6.5.13

Wiccan Beliefs

In my second post entitled "What is Wicca?" I gave a brief overview of Wiccan beliefs but I didn't go into any detail. I will dedicate this post to a more quality and detailed listing and explaining of these (and some more) beliefs. I would like to note that this is a summary of general beliefs and that every individual is free to adapt these beliefs to their own needs and preferences. Therefore, when you ask a Witch what he/she believes in and notice a difference in what they say and what is written in this post, don't be surprised, but believe me, you will also find many similarities.

Some Wiccan views and practices are:
  • the belief in a Goddess and God (bitheism)
  • the celebrating of eight annual festivals (four Sun festivals and four fire festivals) and 12-13 moon phases (usually full moons) but some people celebrate even more often than this
  • the belief in reincarnation
  • the acceptance of karmic effects (an echo of which is the Threefold law and which is mentioned in the Wiccan Rede)
  • the showing of respect and thankfulness towards nature and celebrating it in all its aspects
  • the creation of one's own sacred space and "sacred texts"
  • the acceptance of the existence of higher energies and alternative realities
  • the belief in the control of energy and consciousness (magick)
  • the toleration of other belief systems and religions
  • the belief in freedom of mind and choice
If I have forgotten anything, by chance, please do remind me :) and I will add this to the list, but since I think I have mentioned everything of vital importance, I will go on to explain each item separately.

1. Bitheism


This concept indicates a belief in two Deities, in this case a Goddess and a God as the two main archetypes who symbolize fertility, natural balance, man-woman, masculinity-femininity, the Sun-the Moon, day-night, strength-tenderness and so on. In the eyes of Witches, they aren't entities to which we should bow but more like entities with which we can identify. The way in which they will be imagined or even called/named depends mainly on the individual. Some may simply call them God and Goddess, others the Horned God and Great Mother, while others may give them names from preexisting mythology (e.g. Cerridwen, Cernunnos, Diana, Pan, Isis, Osiris etc.). In the end, it isn't important how we see them or name them but how we experience them.

The Goddess aspect is quite important because of its being omitted so often in modern times due to the patriarchal construction of society. This could possibly be the reason for a sudden need for leveling out the male and female. 
Everything that is female and all feminine aspects are represented by the Goddess. Though men can also relate to her since every being has a male and female side to them (though in a different ratio). Witches often believe that a person is truly balanced only when they completely level out their male and female side so there really is no need to be embarrassed about your femininity/masculinity.

The Goddess is a symbol of every woman and just like every woman, she has three phases. She is first a Maiden - chaste, young, naive, inexperienced but also full of enthusiasm, optimism and the strength of life. Her symbol is the waning moon. In time, the Maiden blossoms into the Mother (according to the cycle which I will cover in more detail in the Sabbats section of this blog). In this period, she is caring, wise, experienced and at the peak of her physical strength which makes the full moon a very fitting symbol for her. Just like every being, she also grown old and matures into the Crone. Even though her physical strength may have left her, she is wiser than ever and full of the experiences life has to give. It is because of this waning strength that the Crone's symbol is the waning moon.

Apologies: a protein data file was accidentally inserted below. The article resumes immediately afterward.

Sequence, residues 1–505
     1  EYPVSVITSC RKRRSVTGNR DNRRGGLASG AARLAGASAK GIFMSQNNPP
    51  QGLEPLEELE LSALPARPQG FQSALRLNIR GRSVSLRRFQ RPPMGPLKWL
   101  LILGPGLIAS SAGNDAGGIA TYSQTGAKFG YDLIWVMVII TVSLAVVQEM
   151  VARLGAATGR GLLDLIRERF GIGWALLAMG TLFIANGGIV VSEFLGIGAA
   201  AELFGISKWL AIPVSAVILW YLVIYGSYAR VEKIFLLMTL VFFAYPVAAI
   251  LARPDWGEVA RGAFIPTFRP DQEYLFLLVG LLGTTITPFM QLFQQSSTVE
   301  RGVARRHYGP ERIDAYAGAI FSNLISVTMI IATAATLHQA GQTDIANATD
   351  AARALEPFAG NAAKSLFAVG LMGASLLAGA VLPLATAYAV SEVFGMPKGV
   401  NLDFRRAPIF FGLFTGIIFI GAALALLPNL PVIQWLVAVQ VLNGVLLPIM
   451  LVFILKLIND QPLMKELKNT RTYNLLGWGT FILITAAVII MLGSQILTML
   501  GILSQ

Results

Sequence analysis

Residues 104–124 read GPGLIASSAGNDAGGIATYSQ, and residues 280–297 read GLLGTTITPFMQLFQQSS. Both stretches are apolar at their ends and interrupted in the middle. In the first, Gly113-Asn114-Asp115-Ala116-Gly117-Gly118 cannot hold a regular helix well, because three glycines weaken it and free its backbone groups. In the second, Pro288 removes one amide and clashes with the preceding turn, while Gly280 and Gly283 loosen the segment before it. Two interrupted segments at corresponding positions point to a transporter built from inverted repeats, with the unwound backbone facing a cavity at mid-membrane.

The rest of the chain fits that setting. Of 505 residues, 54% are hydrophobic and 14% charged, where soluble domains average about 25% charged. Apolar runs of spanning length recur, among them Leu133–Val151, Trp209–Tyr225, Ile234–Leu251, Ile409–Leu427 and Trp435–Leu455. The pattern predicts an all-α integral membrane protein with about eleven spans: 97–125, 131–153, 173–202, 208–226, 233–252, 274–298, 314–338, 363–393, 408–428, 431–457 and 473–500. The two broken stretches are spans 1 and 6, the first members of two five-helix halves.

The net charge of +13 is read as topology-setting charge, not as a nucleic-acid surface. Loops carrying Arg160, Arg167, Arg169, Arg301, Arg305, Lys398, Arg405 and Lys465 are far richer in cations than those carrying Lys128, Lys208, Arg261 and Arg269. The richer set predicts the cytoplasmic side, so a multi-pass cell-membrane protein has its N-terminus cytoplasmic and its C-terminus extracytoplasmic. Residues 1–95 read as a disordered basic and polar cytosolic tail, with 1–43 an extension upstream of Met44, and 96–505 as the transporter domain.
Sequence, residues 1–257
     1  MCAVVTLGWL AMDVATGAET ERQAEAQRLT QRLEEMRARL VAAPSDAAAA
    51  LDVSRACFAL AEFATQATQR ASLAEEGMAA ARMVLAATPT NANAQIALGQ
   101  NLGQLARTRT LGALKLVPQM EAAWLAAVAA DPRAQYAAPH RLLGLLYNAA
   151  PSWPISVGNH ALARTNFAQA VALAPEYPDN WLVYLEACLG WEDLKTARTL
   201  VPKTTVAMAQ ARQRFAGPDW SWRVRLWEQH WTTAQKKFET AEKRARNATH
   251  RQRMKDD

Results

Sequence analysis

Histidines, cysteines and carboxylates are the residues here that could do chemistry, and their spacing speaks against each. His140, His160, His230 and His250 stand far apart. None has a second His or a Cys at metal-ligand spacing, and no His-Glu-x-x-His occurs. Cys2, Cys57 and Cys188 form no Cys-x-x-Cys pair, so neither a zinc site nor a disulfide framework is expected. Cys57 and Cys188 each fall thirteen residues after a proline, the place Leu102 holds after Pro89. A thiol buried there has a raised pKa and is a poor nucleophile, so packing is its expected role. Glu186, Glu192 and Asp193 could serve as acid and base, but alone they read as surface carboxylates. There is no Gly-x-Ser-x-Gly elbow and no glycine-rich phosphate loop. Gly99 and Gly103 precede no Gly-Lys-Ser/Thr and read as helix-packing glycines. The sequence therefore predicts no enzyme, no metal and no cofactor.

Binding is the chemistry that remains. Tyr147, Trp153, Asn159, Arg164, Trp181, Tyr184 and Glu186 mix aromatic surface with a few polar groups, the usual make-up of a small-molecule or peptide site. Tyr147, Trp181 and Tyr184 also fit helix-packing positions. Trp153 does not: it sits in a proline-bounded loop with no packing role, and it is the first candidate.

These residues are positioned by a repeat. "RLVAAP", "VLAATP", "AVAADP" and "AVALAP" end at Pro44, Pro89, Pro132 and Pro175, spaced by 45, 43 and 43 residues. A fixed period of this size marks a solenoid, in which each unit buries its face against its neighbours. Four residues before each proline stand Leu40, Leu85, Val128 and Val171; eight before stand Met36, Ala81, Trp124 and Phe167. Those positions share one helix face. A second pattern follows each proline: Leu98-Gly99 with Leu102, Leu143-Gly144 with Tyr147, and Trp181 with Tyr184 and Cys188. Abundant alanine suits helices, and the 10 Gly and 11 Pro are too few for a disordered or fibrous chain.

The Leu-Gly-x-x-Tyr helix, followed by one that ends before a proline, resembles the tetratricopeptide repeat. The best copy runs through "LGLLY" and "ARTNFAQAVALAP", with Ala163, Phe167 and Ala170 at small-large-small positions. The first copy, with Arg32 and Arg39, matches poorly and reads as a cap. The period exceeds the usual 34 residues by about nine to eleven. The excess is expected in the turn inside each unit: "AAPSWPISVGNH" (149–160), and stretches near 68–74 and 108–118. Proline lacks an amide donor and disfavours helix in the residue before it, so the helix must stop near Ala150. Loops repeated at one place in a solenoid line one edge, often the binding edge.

The Goddess and the God develop simultaneously. He is usually thought to have two phases (though some accept a third also). In the Autumn and Winter he is called the Horned God - a symbol of the wilderness (depicted by the stag antlers on his head), physical strength and masculinity. During the Spring and Summer, he is the Green God who symbolizes the green side of nature when everything is in bloom. We can easily connect these to phases to the food that is eaten during the corresponding seasons. People acknowledged the Horned God in Winter when they needed animal meat for proteins, their skin for clothes and bones for weapons while the Summer is warm and there is no need for such concern so people live off of greenery. According to another myth, the God is divided into two more aspects: the Holly King and the Oak King. The Holly King rules from December 21 (when he defeats the Oak King) until June 21 (when the Oak King takes over). The Oak King logically rules from June 21 to December 21. On the left side, you can see a depiction of the Green God and the above him the horned God Cernunnos. To the right are two pictures of the Oak King with his beard made of tree roots and the Holly King below.

I have already mentioned that every Witch can have different beliefs. Therefore, some may decide to only acknowledge the Goddess (there are traditions that do this too!), while others may be completely polytheistic or perhaps acknowledge only the God in his two aspects (or three if you decide to incorporate the Blue God as a baby into the whole story). Some may even decide to recognize the trinity of the God, Goddess and Child (though you will rarely come across these last to variations).

If I were to get into the philosophy of Deities, that would last a bit too long, though I think I gave a general insight into this topic.

2. Sabbats and Esbats